CARIRI and bmobile team up for Coding and Mobile App Development
TSTT Corporate Communications
The primary languages that run the world are no longer English, Spanish or French. While these three have enjoyed prominence in diplomacy and commerce for the past century, the modern world is run more on computer code today, by the sheer scale of global communication, than any other language. Recognising that learning to code is a necessity and priority for young learners, the Caribbean Industrial Research Institute (CARIRI) with support from companies like bmobile have engaged with over 900 students in T&T to introduce them to the fundamentals of mobile app development and coding languages later this month during school holidays.
Since 2018, CARIRI has successfully executed ICT educational programmes in over 70 Secondary Schools reaching over 1,500 students with great success. The Coding and Mobile App Development programme will be conducted using Zoom and online video and allow participants, all aged between 11 and 19, to learn the fundamentals of C#, Java, HTML, SQL coding languages. Coding is the computer language used to develop apps, websites and software. Learning coding empowers people to do many things that they may not otherwise be able to do, such as creating websites, finding a career in app or game development, or even starting a technology-centered business. It also allows the person to develop analytical skills and critical thinking skills as well.
According to Alicia Williams, Marketing Officer II, CARIRI, it is vital for our nation’s youth to understand mobile apps and how they are created, developed and even commercialised. “The primary objective of the proposed programme is to expose participants to coding fundamentals and the process of mobile app creation. Learning consists of elements in C#, Java, HTML, SQL and will cover a range of development from building simple apps to mini games to keep it both fun and educational. The practical elements of Level 1, which includes Beginner and Intermediate Courses, are targeted to students in Forms 1 - 3. Level 1 is taught on the MIT App Inventor platform and is targeted towards the Lower Secondary School curriculum,” she detailed. “Level 2, the Advanced Level, is geared towards Upper Secondary School Students in Forms 4 and up and is designed to supplement the ICT Curriculum used in the education system.”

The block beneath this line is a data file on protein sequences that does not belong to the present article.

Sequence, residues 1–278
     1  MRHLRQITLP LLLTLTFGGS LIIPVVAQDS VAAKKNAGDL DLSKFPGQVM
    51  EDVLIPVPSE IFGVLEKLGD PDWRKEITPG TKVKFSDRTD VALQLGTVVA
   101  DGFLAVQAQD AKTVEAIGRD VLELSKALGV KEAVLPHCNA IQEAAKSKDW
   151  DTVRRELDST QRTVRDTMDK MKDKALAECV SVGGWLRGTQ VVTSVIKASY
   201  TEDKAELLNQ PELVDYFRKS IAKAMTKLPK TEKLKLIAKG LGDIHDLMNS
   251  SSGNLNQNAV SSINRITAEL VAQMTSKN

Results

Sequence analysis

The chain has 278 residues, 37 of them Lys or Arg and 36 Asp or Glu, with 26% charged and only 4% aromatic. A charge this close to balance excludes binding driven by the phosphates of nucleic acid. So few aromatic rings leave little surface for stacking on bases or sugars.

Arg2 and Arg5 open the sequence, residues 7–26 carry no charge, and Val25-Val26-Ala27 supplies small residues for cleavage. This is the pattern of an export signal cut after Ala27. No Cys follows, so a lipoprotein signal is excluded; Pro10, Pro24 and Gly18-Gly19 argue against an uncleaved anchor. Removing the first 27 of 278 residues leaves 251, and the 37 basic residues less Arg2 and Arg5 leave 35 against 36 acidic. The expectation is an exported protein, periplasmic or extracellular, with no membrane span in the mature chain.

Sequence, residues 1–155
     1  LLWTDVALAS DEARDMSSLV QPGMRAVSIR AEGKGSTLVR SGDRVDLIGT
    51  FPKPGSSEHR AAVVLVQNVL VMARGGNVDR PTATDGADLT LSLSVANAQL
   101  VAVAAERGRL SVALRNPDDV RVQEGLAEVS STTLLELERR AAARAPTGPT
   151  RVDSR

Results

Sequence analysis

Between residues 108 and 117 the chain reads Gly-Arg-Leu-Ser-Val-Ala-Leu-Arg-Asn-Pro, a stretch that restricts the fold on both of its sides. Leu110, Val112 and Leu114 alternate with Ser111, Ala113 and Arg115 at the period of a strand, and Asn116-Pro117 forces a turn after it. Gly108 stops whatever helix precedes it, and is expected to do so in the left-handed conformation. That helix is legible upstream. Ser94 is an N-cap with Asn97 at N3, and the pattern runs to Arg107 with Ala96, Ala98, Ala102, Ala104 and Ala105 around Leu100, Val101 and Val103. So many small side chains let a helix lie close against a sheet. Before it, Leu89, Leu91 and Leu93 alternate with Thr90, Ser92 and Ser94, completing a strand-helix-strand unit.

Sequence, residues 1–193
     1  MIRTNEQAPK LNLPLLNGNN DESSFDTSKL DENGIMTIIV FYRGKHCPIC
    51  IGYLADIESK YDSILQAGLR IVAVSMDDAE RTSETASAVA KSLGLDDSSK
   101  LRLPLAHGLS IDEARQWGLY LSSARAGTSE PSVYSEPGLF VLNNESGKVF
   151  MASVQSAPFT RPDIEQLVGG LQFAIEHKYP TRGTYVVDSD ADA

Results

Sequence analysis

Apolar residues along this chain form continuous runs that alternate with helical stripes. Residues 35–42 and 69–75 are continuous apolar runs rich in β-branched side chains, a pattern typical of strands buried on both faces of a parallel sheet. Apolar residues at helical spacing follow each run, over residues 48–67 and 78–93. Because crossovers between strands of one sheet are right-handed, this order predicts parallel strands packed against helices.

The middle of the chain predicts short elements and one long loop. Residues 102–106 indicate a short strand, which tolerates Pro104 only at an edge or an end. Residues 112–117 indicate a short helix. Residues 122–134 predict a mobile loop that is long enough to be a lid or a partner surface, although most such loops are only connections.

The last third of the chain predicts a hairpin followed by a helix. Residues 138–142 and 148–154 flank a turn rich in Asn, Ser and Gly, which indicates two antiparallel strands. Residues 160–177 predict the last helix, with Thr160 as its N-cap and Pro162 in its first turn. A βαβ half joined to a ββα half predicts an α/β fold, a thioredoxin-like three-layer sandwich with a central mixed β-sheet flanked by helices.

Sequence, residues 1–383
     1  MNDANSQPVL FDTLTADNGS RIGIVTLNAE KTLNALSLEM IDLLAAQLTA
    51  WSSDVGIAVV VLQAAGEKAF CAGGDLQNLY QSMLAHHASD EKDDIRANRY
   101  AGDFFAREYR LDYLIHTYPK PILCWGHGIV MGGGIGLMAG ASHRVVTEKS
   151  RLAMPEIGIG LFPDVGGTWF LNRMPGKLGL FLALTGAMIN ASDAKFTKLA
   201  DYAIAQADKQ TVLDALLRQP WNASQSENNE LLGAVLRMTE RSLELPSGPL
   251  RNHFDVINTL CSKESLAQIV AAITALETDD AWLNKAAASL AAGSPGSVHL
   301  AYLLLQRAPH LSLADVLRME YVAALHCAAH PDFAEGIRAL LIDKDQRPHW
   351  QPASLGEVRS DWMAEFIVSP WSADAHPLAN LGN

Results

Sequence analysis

The programme has been comprehensively adapted to facilitate remote learning, with the classroom sessions available as pre-recorded segments. The student can determine when and how
they would like to view the modules. Williams noted that they are cognizant that the classes are being held during the vacation period, so allowing students to set their times is one more positive aspect that the remote-learning mechanism will allow. Students will also have access to their tutors at dedicated times for Q&A, which will be done as live sessions over video conferencing and then be issued an evaluation to complete. Attendees who meet the requirements will then receive official certificates of completion from CARIRI with the support of their sponsors.
One sponsor is local, home-grown communications solution provider, bmobile. Its corporate social responsibility mandate lists youth education as one of its primary pillars, and the company was keen to continue supporting this programme with CARIRI. Gerard Cooper, General Manager Shared Services at TSTT, explained, “This is one of the most progressive programmes that we have been honoured to support as a company. Of course, it aligns with our role as a technology partner in the development of the nation, but beyond that we see that technology camps like this, help to whet the appetite for non-traditional learning routes and we look forward to seeing some exemplary students emerge not just from this iteration this month but from continued work or a career in coding later on.” bmobile joins other local conglomerates and companies, including Republic Bank, Caribbean Finance Company, Qure Ltd, and Global Forensics.
Williams was happy to welcome the telecom company as a continued supporter. “I’m very grateful that bmobile took up this offer as they are one of the local companies that have been onboard since the last programme. We have been looking at growing the programme and definitely have been able to do this with amazing corporate support,” Williams added. One interesting thing to emerge from the promotion of this initiative is that CARIRI fielded many calls from parents and adults who are also keen to learn the skill of coding. This initiative would be the first time that the Coding and Mobile App Development programme is being held virtually, which has also allowed an increase in participants in this tranche while still being conducive to Public Health regulations.
The global demand for persons with coding skill sets continues to increase, with new job opportunities in the sector emerging every day. According to the employment website, Glassdoor.com, of the 50 Best Jobs in America for 2021, the role of Java Developer is the most desirable in terms of demand and possible earning potential. The US Bureau of Labor Statistics (BLS) also projects that employment in these and related fields can decline up to 8% over the next decade. US-based businesses may seek to outsource projects to overseas contractors due to price competitiveness and the remote-readiness of the role itself. With the proper preparation, T&T can benefit from these shifts in demand.
For more information, visit www.cariri.com. All seats have been filled for this iteration of the programme but interested parents or students can continue to follow CARIRI on their social pages for updates.